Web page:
Club drugs to be prohibited by legal high ban
New legislation proposed by the home secretary will outlaw drugs usually that are usually available in clubs, according to a Home Office minister.
Mike Penning, the police minister, made his statement as Theresa May prepares to meet with drug experts next week to discuss the problems associated with the intended blanket ban. Criticism of the new legislation in its proposed form include its unenforceability and unintentional serious consequences. The former director of public prosecutions, Labour MP Keir Starmer, also expressed concerns, claiming that the ban does not distinguish between the harmful effects of various legal highs, making it difficult for law courts to institute an intelligent sentencing system.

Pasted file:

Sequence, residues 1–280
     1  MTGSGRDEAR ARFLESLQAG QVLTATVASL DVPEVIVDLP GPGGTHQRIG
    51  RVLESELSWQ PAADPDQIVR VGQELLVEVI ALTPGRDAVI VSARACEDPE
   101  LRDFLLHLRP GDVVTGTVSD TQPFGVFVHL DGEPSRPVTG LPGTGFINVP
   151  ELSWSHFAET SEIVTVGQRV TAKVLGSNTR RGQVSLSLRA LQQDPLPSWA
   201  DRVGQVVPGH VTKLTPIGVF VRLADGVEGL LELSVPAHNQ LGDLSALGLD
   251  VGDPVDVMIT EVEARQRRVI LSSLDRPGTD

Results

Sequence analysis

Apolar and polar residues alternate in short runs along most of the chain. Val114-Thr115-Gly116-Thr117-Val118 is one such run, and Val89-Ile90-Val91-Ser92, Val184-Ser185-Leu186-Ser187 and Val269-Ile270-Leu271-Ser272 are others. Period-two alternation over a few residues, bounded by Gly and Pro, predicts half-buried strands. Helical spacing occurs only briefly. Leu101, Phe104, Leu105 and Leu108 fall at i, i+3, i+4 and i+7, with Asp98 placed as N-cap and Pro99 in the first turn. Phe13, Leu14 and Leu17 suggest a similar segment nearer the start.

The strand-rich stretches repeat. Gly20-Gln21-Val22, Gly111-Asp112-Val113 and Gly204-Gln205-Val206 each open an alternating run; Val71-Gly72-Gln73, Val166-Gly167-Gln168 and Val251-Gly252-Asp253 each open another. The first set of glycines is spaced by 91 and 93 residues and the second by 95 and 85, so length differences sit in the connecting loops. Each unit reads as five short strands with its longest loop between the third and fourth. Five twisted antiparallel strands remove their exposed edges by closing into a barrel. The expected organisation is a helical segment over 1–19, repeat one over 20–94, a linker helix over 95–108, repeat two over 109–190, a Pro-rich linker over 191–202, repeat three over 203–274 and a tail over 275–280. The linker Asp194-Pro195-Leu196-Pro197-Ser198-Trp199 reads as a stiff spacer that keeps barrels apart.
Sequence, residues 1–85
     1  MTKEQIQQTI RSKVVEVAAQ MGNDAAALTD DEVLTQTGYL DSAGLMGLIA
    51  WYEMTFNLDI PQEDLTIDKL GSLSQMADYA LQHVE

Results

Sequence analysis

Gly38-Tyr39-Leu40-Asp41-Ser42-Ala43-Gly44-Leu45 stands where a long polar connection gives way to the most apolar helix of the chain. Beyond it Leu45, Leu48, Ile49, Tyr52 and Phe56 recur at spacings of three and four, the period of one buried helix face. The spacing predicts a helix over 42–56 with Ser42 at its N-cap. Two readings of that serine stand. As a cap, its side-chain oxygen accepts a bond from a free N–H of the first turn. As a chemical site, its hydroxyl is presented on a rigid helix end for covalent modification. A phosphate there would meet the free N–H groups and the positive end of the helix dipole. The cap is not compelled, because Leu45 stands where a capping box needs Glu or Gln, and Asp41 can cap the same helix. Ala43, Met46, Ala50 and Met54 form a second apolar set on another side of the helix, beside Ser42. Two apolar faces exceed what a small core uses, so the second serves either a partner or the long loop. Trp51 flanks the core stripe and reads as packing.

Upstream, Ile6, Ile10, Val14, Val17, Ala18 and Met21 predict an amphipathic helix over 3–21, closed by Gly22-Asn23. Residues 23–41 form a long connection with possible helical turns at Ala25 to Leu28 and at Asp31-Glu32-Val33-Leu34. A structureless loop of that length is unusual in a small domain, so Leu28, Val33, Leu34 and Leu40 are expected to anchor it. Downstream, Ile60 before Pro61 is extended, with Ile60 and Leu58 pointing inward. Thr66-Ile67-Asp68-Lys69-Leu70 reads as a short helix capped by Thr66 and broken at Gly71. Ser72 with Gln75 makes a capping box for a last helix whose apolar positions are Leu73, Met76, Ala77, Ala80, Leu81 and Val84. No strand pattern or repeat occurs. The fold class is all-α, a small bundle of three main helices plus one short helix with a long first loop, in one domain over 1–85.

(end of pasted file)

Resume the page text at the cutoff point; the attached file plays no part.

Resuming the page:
Mr Penning did admit, however, that the ban in its existing form would protect people from legal highs and save lives, but added the caveat that further work was needed on the psychoactive substances bill. Mr Penning said that a list of exemptions from the ban would be published in November when the bill has a second Commons reading. Exemptions would include everyday items such as tea, coffee and alcohol. He did confirm that nitrous oxide, also known as laughing gas, and alkyl nitrates, also known as poppers, would be banned under the new legislation.
The chairman of the advisory council on the misuse of drugs (ACMD), Professor Les Iversen, repeated his concerns during his appearance before MPs last Tuesday. He has identified eight problems in the legislation, including the possibility of suppliers of harmless herbal medicines being sentenced to seven-year prison terms.